Stocking your First Fly Box
Anglers entering into the vast world of fly fishing strive to achieve a level of independence that enables them to venture off alone. In order to attain self reliance fly anglers need to assemble a minimal amount of gear such as rod and reel, terminal supplies and most importantly flies. When stocking up their first fly box fly anglers will need to cover the most common types of insects.
It is important to concentrate on the major insect groups when deciding what types of flies to stock in your first fly box. Fly anglers will want to cover Mayflies, Midges, Caddis, Stoneflies and terrestrials. A variety of flies covering these groups will lead any angler to success.
The beauty in this approach is that fly anglers stocking their first fly box can purchase flies that give the impression of an insect rather than a perfect imitation. By that I mean the flies are the same shape and silhouette as the real bugs. Color can sometimes be a driving factor but shape of the fly and the silhouette on the water are the most important factors.
Mayflies have a very distinct body shape. These flies float in a noticeable manner, with upright wings. Because of how they emerge from the water mayflies often need a considerable distance to float before wings dry and become functional.This factor leaves mayflies vulnerable and available on the water for a long period of time.
The best fly for imitating mayflies is the Parachute Adams. Because of the immense variety of mayflies, carrying an assortment of Parachute Adams flies in different sizes is the best approach. Sizes 12-18 will cover most mayfly hatches. In the nymph stage a Pheasant Tail nymph works perfectly. Slender and inconspicuous in the water, a Pheasant Tail covers a wide variety of nymphs.
Midges are the number one insect in any watershed. Available year-round and with the ability to hatch in summertime as well as overcast winter days, midges are a staple in any trout’s diet. The Griffith’s Gnat performs flawlessly during a midge hatch. Fished on the surface as a cluster of adult midges on a light tippet will get those slow sippers to eat. A Zebra numph in black or red is the best midge larva imitation available. Go small on any midge fly, dry or nymph a size 18 is the best.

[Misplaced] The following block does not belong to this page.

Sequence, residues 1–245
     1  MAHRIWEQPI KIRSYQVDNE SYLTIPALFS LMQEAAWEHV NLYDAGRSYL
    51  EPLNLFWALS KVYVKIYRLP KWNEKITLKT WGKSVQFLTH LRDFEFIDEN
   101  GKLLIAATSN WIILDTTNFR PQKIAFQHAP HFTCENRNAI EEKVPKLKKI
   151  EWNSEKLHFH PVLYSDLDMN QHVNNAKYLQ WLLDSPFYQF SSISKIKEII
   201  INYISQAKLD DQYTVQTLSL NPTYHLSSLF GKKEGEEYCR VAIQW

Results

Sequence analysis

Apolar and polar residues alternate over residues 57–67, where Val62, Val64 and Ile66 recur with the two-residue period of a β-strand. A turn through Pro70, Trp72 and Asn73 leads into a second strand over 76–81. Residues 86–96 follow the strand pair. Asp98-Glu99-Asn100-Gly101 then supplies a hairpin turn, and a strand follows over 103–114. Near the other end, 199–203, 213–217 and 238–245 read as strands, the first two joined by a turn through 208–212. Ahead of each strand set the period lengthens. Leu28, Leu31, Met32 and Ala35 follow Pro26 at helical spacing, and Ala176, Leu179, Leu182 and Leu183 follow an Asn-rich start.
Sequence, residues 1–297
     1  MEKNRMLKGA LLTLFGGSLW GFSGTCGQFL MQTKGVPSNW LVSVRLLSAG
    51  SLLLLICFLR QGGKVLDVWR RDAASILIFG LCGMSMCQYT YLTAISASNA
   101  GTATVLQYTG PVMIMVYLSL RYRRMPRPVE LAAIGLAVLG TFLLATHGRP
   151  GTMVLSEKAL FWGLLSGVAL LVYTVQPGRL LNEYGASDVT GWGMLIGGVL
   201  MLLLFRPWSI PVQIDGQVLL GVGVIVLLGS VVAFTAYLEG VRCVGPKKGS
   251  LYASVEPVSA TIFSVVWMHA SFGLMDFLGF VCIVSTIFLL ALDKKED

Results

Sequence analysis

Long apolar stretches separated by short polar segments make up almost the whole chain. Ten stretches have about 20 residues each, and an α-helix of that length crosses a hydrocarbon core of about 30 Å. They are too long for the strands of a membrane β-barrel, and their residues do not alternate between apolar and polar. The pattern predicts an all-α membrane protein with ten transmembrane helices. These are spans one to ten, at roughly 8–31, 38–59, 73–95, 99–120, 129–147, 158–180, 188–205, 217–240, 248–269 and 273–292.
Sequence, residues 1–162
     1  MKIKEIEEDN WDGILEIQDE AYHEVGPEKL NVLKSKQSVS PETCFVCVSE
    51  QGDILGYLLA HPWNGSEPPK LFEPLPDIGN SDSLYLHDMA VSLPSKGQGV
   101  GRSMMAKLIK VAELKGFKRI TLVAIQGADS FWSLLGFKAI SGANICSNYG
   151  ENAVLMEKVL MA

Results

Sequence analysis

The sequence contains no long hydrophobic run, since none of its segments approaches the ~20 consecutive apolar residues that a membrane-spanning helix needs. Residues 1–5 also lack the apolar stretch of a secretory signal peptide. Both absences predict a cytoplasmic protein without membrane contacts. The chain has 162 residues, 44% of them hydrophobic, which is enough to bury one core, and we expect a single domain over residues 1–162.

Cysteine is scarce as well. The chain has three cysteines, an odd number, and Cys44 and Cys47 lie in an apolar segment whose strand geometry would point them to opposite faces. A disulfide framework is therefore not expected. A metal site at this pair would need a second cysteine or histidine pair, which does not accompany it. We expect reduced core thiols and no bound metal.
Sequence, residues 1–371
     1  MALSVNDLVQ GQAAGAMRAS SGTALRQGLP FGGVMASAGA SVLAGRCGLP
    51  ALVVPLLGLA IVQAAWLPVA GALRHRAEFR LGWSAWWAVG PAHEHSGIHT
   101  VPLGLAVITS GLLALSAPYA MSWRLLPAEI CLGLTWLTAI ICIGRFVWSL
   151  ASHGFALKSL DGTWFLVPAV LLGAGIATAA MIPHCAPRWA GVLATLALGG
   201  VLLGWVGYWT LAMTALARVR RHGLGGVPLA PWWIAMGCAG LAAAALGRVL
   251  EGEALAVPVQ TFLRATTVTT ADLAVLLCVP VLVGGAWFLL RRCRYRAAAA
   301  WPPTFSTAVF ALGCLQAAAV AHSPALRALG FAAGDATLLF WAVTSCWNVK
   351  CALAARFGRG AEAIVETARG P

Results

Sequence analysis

Caddis are best imitated by the ever popular Elk Hair Caddis dry fly. A versatile fly that rides up high on the surface when dressed properly with floatant and is visible from a distance. Caddis dry flies are effectively fished under the surface as a drowned bug, emerging adult or egg laying female. The well known Hare’s Ear nymph imitates the nymph form of most caddis flies. Weighted or unweighted, the Hare’s Ear nymph catches fish.
Stoneflies represent the largest of the frequently encountered aquatic insects. A Chubby Chernobyl is a crossover fly that will work magnificently as an adult stonefly and draws strikes fished as a hopper along the bank. Pat’s Rubber Legs is my go-to nymph for stoneflies under the surface. Often fished in tandem with another nymph such as the Hare’s Ear. A Pat’s Rubber Legs is a deadly big fish fly.
Terrestrials are a group of bugs that encompass just about anything that doesn’t originate from an aquatic environment. Examples include grasshoppers, ants, beetles and even extend to cover sow bugs and earthworms. Terrestrials don’t belong in the water and are ineffective at swimming, leaving them to drift and get eaten by swift swimming trout. A parachute ant is a great terrestrial pattern to stock in your first fly box. For under the surface a San Juan Worm can bring in a trout when the water is muddy, extremely deep or turbulent.
One bonus fly that all fly anglers need to know how to fish as the skills involved crossover to other aspects of our fly fishing sport is a Wooly Bugger. A large fly with broad gap hooks, heavy, weighted heads and an undeniable swimming action, Wooly Buggers deserve a space in your first fly box. Wooly Buggers can be fished dead drifted, stripped or swung across the current.
A versatile list of flies for the surface and subsurface that belong in any anglers first fly box. Dry flies, nymphs and a few bonus patterns to cover any condition anglers encounter. Stocking up on the basics gives anglers the ability to venture off on their own with confidence. No matter what they encounter they have a bug to cover it, any water, any season, any hatch.